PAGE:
….State Most Impacted in Nigeria, Diri Insists
The United Nations has described the flood disaster in Bayelsa State as a crisis of major proportions that deserves attention.
The UN Resident and Humanitarian Coordinator in Nigeria and Representative of the Secretary-General, Mr Matthias Schmale, stated this on Saturday when he led a delegation comprising officials of the global body, the World Health Organisation and the Federal Ministry of Water Resources on a courtesy visit to Governor Douye Diri in Government House, Yenagoa.
A statement by the governor’s Chief Press Secretary, Mr Daniel Alabrah, quoted Schmale as likening the Bayelsa situation to the Pakistani floods that attracted global attention.
The UN Coordinator, who had on Friday accompanied Governor Diri on his tour to some flood-impacted communities in Southern Ijaw Local Government Area, said his visit was a response to the letter from the governor and called for attention to address the devastating effect of the flooding.
Schmale commended Governor Diri for his commitment to visiting flooded communities in the state, noting that what he witnessed required both material and moral support.
He also stated that the UN will advocate and mobilize resources for the recovery phase to enable victims to return to their normal lives.
Schmale stressed that it was disheartening that lives, livelihoods and assets had been lost to the flood and called on the federal government and the international community to join hands to support what was left of the immediate response and recovery phases.
His words: “Thanks for allowing the team and I to join you and your team on the visits you are conducting around flood-affected communities. The first thing I will share publicly is that this is a crisis of major proportions.
“What I saw yesterday reminded me of the images I saw of Pakistan a few months ago and the world took note of that. A third of Pakistan, the size of the United Kingdom, was underwater. The images reminded me of that.
“We need to be very clear. This is a crisis of major proportions that deserves everyone’s attention.
“Secondly, my respect to you and your team and, of course, your deputy governor. I think it takes considerable commitment to now be in your third week of visiting flooded communities, which I have not seen anywhere else.
“What I saw yesterday was that you were not only providing material aid to communities but also moral support. I could see the way you and your team were received. There were signs and glimmers of hope around people’s faces and we should not underestimate that. This is still the immediate response phase and outlined some of the immediate needs.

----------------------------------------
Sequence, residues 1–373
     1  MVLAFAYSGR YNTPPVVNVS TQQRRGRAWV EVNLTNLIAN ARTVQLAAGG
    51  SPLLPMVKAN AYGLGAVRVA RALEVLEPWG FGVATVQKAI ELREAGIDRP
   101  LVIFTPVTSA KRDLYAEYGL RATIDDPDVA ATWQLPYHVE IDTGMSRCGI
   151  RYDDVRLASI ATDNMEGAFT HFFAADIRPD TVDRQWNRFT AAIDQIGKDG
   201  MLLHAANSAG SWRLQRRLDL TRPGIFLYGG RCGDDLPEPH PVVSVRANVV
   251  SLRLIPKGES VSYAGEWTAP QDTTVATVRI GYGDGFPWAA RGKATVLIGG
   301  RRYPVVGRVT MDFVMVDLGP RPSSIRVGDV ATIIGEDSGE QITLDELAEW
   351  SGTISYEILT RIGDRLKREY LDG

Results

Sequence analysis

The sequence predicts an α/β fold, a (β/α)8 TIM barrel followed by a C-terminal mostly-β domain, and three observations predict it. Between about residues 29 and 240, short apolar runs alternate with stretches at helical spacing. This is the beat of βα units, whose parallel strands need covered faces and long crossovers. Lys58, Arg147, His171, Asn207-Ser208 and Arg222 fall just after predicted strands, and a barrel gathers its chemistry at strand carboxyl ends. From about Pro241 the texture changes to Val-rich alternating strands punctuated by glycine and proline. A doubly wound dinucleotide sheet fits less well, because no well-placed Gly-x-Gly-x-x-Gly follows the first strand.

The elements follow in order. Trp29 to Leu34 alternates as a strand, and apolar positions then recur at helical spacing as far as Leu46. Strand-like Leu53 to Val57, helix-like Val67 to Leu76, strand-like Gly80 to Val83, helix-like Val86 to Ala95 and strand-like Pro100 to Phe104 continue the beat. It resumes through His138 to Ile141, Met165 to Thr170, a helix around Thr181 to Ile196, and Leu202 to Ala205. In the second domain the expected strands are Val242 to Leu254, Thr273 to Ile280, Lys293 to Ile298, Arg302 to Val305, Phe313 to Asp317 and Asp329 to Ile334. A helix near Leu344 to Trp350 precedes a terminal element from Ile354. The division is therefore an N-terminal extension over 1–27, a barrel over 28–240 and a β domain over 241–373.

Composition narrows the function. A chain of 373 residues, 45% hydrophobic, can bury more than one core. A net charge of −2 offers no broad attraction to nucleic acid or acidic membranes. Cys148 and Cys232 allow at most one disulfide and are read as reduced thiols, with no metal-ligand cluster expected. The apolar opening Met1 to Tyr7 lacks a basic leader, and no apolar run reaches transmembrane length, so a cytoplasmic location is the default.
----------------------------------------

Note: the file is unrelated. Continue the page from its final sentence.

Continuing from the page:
“I think the next would be recovery and we will think through with the United Nations team what we can do to advocate and mobilize resources for the recovery phase as people can get back to their normal lives.”
Schmale noted that the cause of the present disaster was climate change and that it would be the responsibility of the UN Secretary-General, Antonio Guterres, to speak emphatically during this year’s Climate Conference in Egypt about the need to invest in mitigation and adaptation measures.
He averred that Nigeria and Bayelsa were not the main cause of climate change. Therefore, there was a moral case to be made for compensation as they are both on the receiving and not the causing end.
Responding, Governor Douye Diri thanked the UN Secretary-General for sending his Rep to the state at a time it needed help.
Diri praised the UN for being the first to respond quickly to the situation in Bayelsa.
The governor also appreciated the UN Rep for embarking on a tour of flooded communities with him and for affirming that Bayelsa was the worst-hit state in this year’s flood in the country.
He asserted that there was a clear difference between sitting in Abuja and coming personally to feel the impact and pains of the people, which the UN had demonstrated.
He said: “Let me first say that I am humbled by your comments. At a time that we need help, I think you have been divinely sent here. We wrote those letters not only to the United Nations but to several others, including our country’s president. But you are the first to respond to our call. We appreciate you as a state government, as a people and as the Ijaw ethnic nationality.
“Let me also appreciate the Honourable Minister of Water Resources for permitting the Permanent Secretary, our daughter, Dame Didi Walson-Jack, to be part of this entourage.
“We are not fighting the federal government. The federal government is our father and at a time that your son or daughter needs help, we expected that they will be there for us.
“It would have been okay for you to just fly into Yenagoa and hold this meeting and return. But you decided to feel and see things for yourself. But for flight delays, you would have seen several more because we went to nine communities on Friday.
“From what you have said, it is very clear that you are satisfied with the fact that Bayelsa State is the most impacted state in this 2022 flooding in Nigeria.”